Duquesne drops student insurance option

By Sam Leon | The Duquesne Duke

Duquesne is discontinuing the University-sponsored health insurance policy for students effective July 31, 2015.

In a mass e-mail sent to students in mid-November, the University announced it was dropping the plan because coverage is now available under the Affordable Care Act and through private companies offering affordable health plans. Duquesne also made the move because students can remain on their parents’ health insurance until age 26, according to the e-mail.

The revocation of the insurance option will require students to participate in the healthcare marketplace. Since the Affordable Care Act now requires all Americans to have health insurance coverage, students who rely on the Duquesne health plans will need to enroll in a different policy that will keep them covered beyond the July cut-off date.

Currently, the university mandates all students to have health insurance while in attendance. The student health plans are managed through Gallagher-Koster and Duquesne has specific requirements for personal insurance to be considered adequate.

These requirements include mental health coverage, direct pay to providers and no pre-existing conditions. When the decision takes effect, students will no longer have to provide any proof of insurance to the University.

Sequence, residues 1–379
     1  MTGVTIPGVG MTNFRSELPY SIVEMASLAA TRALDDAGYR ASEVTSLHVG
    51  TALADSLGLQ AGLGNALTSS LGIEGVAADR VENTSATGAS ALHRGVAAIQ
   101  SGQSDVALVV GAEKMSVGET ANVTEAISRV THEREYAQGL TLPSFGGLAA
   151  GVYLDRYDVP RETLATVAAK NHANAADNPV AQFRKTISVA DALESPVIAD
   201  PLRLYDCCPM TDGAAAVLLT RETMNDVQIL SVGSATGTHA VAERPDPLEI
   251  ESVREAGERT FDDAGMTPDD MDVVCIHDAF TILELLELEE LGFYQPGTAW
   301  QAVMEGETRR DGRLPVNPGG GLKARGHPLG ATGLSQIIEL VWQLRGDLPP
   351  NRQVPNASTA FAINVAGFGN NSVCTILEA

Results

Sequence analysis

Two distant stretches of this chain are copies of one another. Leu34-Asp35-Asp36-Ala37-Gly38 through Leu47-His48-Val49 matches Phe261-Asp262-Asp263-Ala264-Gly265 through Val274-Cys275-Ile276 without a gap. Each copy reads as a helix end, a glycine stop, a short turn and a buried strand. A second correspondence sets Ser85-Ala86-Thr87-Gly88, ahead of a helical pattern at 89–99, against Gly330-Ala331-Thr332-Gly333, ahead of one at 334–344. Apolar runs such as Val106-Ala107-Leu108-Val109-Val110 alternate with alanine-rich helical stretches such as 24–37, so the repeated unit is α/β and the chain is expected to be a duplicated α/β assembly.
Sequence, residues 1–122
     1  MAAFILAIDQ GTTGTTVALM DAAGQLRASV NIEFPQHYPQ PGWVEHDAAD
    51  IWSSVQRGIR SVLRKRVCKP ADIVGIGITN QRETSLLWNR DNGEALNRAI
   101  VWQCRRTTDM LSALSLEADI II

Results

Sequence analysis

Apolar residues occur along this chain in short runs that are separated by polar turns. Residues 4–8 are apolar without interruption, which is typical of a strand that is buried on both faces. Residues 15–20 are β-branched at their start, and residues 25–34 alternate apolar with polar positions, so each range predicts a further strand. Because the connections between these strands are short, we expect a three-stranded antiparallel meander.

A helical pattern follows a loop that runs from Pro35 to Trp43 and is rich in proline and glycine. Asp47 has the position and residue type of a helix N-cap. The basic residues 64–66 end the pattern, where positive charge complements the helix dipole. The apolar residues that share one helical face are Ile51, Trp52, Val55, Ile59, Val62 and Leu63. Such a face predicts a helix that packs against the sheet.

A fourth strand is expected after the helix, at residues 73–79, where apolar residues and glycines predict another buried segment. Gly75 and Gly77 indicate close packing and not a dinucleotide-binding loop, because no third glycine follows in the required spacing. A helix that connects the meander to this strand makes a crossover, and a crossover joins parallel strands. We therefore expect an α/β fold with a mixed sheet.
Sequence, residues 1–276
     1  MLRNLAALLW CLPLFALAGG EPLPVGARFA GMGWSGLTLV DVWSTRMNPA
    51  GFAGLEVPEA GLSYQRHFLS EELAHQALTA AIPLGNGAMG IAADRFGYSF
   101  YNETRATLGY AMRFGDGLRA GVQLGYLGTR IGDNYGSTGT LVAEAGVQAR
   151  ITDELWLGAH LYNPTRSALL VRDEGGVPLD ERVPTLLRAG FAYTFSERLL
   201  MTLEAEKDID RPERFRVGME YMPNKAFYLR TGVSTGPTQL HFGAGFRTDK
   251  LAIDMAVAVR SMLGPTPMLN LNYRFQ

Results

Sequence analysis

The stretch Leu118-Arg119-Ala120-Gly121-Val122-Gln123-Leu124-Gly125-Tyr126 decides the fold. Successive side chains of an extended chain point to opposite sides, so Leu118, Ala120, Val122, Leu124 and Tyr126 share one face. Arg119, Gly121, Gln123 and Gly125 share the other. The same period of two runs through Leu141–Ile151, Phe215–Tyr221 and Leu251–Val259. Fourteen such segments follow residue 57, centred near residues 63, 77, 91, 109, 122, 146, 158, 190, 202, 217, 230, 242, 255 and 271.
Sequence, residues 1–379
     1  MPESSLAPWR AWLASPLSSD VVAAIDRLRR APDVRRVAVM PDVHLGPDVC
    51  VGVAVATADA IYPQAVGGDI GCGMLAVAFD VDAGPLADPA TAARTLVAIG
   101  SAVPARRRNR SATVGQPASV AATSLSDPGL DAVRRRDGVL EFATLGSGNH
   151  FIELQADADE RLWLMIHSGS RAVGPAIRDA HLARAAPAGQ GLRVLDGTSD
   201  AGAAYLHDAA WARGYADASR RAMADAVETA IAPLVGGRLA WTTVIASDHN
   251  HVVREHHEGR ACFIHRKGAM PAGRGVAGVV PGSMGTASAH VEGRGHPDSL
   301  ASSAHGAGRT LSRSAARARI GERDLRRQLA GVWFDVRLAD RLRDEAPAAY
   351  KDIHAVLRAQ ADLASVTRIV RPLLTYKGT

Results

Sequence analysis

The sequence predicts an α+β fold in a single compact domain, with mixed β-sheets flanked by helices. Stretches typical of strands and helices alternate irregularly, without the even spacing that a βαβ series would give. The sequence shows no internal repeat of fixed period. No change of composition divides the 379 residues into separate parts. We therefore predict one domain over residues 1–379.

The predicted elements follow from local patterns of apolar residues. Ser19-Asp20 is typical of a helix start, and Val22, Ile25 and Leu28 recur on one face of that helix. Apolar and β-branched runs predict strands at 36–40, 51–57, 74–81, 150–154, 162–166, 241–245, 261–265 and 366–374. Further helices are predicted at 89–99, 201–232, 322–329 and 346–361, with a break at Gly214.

Through the Affordable Care Act, healthcare plan options depend on a person’s current health as well as yearly income in relation to household size. For example, a non-smoking 21 year-old making $20,000 per year could be eligible for several plans with monthly premiums anywhere from $70 per month to $200.

Other payments like deductibles and copays will vary among each plan, but a student of the same age showing a lower yearly income could be eligible for other benefits such as Medicaid, CHIP, monthly tax credits and cost-sharing reductions.

Duquesne spokeswoman Bridget Fare said the change was necessary.

“Students did not have a choice in a plan, and many, in fact, complained that it was expensive,” Fare said. “Others expressed dismay about being required that they already had an insurance policy.”

A group of graduate students formed a subcommittee to appeal to the administration to overturn the decision. Their first meeting was Wednesday.